We’re struggling to get our heads around why electricity providers in the UK don’t want to retain customers. When we moved into our property, we inherited EON as our providers and the kW tariff wasn’t great. We called EON to see if they’d be willing to drop their rate, and they refused to budge. So we went online, did our comparisons and switched to OVO Energy on a one year contract.
That year has now expired and we received an email from OVO Energy informing us that it was time to renew. I logged into our account, and saw that the cheapest renewal rate was 17.70p/kW – for the past year our rate was 14.5p/kW – which was a hefty rise given that we consume vast amounts of energy on our air source heat pump (read our air source heat pump review here).
Up to this point, OVO Energy had been a good provider and we had no issues with them, so we contacted their customer support team and were really surprised to see that they had no interest in negotiating.
So I popped onto the comparison websites, and after a few hours of number crunching, we found a new supplier that provides 100% renewable energy for 13.84p/kW, and we’re in the process of switching.
When I spoke to our neighbours a couple of days ago about this, I was really surprised that they’ve been with their provider for decades and are paying in excess of 25p/kW – and that’s when the penny dropped. Most of these providers must just take a chance that people won’t have the time or take the effort to switch.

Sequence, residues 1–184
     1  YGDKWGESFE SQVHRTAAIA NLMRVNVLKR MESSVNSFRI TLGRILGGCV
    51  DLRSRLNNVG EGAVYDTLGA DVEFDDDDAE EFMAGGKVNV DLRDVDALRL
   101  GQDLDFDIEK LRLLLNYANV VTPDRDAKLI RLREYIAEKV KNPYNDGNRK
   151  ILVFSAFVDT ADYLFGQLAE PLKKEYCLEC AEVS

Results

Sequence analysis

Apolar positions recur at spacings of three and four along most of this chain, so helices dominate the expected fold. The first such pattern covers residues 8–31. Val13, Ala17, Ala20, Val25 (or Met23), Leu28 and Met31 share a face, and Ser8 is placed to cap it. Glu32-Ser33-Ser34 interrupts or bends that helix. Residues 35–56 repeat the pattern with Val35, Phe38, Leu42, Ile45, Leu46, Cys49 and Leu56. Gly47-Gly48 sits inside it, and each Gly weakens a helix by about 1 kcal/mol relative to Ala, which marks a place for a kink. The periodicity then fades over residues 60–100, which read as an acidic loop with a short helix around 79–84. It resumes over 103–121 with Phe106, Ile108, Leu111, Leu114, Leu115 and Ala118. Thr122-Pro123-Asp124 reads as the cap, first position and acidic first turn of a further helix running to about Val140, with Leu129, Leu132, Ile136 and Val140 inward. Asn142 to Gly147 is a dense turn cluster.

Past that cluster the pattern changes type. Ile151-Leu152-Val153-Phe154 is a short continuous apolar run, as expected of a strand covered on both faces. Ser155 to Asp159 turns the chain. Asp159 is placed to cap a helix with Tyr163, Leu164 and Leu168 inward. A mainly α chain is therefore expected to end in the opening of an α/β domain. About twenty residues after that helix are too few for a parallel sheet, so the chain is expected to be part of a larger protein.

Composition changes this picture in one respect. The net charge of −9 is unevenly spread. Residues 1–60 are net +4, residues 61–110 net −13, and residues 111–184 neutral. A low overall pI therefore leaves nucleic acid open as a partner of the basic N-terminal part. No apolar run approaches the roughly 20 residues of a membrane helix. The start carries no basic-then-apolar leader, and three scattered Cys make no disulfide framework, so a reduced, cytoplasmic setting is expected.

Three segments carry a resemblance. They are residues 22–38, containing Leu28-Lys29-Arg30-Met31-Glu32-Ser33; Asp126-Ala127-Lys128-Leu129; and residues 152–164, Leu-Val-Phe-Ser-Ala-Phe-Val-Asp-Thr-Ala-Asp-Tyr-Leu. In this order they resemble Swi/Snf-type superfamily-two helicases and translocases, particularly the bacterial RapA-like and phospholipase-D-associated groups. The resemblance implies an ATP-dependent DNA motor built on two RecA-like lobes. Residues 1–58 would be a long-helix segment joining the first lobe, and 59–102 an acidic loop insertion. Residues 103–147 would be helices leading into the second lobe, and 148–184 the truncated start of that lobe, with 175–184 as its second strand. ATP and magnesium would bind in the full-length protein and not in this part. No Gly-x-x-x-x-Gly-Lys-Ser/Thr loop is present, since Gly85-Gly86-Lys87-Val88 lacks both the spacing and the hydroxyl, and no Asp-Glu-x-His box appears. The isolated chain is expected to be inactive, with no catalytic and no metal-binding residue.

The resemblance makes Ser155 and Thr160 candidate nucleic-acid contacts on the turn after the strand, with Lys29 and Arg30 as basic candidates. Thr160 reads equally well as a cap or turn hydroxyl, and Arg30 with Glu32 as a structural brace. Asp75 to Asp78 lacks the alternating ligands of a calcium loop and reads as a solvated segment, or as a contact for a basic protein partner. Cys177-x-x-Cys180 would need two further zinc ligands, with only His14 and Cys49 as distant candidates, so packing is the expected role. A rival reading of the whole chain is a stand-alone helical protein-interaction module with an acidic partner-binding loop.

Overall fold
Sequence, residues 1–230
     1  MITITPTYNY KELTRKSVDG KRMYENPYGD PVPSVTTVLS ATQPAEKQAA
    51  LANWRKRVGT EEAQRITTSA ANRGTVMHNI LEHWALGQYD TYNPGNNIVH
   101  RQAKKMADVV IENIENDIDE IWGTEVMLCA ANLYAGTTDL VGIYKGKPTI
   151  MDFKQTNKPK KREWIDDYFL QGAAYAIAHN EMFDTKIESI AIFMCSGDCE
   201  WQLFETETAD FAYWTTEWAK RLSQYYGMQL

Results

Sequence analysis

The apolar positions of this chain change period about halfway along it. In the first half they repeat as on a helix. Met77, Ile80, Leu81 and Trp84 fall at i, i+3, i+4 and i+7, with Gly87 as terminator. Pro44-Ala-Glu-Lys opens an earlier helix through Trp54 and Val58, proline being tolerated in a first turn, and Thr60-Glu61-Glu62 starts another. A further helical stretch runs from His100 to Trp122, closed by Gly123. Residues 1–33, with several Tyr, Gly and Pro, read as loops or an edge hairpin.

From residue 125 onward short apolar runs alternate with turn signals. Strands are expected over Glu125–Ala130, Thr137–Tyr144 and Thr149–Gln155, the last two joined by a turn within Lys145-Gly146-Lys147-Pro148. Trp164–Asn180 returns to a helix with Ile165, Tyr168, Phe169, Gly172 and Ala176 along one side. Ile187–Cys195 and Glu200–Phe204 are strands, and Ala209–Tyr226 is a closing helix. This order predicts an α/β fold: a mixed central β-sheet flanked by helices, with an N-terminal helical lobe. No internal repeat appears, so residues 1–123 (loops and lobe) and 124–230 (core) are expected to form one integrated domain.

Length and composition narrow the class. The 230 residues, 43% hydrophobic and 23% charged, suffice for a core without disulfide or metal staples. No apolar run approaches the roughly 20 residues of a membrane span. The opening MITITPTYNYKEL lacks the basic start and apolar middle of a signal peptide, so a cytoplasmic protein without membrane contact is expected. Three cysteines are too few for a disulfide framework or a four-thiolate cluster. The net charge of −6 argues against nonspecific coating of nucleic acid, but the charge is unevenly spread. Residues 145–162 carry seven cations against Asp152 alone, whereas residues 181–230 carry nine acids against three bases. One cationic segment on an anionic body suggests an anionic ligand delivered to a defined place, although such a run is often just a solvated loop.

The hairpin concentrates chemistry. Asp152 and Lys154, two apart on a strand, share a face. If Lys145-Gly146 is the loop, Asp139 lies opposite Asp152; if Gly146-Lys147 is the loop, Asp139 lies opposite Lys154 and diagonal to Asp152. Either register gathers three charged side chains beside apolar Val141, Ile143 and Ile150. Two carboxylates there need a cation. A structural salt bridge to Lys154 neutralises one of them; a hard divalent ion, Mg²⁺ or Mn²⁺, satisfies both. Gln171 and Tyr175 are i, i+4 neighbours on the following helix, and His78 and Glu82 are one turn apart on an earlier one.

Like I said, it took me hours to find a cheaper provider and to sift through “good deals” that aren’t always so good, and a lot of people just won’t take the time to do this, staying on with their providers that keep picking up their rates year on year.
On the subject of good deals, don’t look at the “you’ll save £800” a year when you switch – these are empty numbers. Identify what you’re paying per kW – the average fee is between 15-19p. Once you know your rate, shop around for cheaper rates, because what you’re spending per kW is ultimately what will dictate how much you spend (and save) on electricity.
So my advice is for you to see what you’re paying for your electricity (p/kW) and see if you can find a cheaper provider. Once you’ve found one, you don’t have to do anything as part of the switch as that is all taken care of by the new provider. It’s a no-brainer as far as I’m concerned.